When it comes to participation in a countywide quarter-cent sales tax aimed at public safety revenues, count in the City of Corcoran.
The council last week approved the city’s expenditure plan for the public safety transaction and use tax. The measure still has to pass a four-fifths vote from the Kings County Board of Supervisors. If it does, the sales tax increase will go to the voters on the June primary ballot.
City Manager Kindon Meik told the council the issue first started to be discussed in November, when the subject was raised at a city-county coordinating meeting. He said as a special tax, the initiative would require a two-thirds approval from voters.
As part of the process, each city was asked to submit an expenditure plan outlining proposed uses of the revenues. Corcoran’s short report included using funds for personnel costs, programs, supplies and equipment, facilities and training.
Once every city completes its report, they will work together with the County of Kings to create a memorandum of understanding (MOU) that will establish the framework, including revenue sharing. Meik said it appears the money will be shared on a per-capita basis, with the City of Corcoran expected to see $350,000-400,000 a year added to its general fund for public safety purposes.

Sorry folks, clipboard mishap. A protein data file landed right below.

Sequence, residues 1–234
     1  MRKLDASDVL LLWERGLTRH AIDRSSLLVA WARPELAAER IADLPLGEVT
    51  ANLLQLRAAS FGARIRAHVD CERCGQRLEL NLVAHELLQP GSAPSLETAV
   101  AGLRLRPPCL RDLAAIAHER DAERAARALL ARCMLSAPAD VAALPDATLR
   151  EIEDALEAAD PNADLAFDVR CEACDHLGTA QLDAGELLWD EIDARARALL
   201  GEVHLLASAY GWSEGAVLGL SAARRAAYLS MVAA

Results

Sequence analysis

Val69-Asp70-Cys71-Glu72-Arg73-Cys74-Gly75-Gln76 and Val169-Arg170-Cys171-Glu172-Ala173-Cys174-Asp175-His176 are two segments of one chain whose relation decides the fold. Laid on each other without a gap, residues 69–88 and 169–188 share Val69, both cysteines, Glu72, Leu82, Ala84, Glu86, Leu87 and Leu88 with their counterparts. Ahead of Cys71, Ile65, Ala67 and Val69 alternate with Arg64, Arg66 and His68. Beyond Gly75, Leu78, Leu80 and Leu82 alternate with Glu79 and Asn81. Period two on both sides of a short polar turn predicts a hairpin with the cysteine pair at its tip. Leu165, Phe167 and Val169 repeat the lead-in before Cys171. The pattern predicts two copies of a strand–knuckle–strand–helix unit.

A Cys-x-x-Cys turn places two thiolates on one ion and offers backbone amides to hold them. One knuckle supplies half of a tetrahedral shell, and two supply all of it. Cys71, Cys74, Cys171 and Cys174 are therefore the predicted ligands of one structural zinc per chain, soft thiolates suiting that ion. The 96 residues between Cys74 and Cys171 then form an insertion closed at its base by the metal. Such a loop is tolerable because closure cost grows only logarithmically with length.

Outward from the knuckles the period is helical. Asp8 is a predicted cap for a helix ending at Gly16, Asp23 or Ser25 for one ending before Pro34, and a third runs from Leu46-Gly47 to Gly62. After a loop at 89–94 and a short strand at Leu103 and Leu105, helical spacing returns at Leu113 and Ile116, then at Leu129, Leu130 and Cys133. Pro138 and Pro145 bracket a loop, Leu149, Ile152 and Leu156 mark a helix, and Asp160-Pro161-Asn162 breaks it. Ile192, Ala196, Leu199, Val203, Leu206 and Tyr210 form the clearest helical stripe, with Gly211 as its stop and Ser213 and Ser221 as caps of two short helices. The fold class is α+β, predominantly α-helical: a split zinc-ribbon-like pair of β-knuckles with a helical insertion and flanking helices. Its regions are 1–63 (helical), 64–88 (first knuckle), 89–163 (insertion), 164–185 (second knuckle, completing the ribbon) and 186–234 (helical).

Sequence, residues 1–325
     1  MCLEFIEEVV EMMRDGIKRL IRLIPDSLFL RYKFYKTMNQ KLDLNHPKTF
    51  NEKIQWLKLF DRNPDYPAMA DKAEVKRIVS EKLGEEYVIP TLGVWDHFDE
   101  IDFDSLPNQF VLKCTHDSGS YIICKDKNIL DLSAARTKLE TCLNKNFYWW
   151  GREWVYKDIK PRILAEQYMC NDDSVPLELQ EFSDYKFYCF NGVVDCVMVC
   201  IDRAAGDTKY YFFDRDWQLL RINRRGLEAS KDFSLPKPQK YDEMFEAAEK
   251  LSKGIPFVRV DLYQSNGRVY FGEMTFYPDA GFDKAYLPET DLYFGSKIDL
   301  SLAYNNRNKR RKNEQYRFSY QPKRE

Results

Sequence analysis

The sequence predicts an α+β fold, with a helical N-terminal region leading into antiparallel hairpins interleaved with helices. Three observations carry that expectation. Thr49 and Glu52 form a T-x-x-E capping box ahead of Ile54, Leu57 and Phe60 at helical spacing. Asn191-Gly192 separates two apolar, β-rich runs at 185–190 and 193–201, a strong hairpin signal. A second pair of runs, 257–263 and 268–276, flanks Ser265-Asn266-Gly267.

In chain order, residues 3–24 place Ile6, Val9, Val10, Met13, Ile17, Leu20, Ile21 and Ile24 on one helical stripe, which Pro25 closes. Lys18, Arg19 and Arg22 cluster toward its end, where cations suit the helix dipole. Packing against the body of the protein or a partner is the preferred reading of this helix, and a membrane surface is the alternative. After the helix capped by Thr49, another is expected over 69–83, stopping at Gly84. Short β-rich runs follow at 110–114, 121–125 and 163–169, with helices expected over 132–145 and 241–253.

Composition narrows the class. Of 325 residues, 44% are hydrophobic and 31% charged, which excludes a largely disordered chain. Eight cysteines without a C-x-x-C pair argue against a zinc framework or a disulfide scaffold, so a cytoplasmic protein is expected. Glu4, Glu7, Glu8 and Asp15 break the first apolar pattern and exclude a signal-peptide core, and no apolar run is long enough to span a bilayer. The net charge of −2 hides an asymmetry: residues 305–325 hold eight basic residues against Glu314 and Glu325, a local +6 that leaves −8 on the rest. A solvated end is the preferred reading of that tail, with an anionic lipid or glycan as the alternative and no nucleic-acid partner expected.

Meik said there appears to be growing support countywide for the measure. Each city has its own public safety needs, he noted, while the county can use the funds for law enforcement and fire services ranging from the district attorney’s office to the new jail.
It appears at least part of the money locally could be used to support the construction of a new police department, or at least debt service on any loans associated with its construction.
Corcoran got another bit of good news on that front, with the council approving a letter to Congressman David Valadao (R-Hanford) for his assistance in helping the city qualify for special United States Department of Agriculture (USDA) grants and loans. The program is set up to help rural communities in distressed areas. However, the program was limited to communities with a population base of under 20,000—and Corcoran was disqualified because the population of two state prisons was included in the overall count.
Valadao was successful in getting a waiver to that number that was added to the huge consolidated national appropriations bill, which established for the purpose of eligibility, incarcerated prisoners not be counted in determining community population.
The city is already working with USDA and will be considering applications for the new police department facility, improvements to the water and wastewater systems and street projects.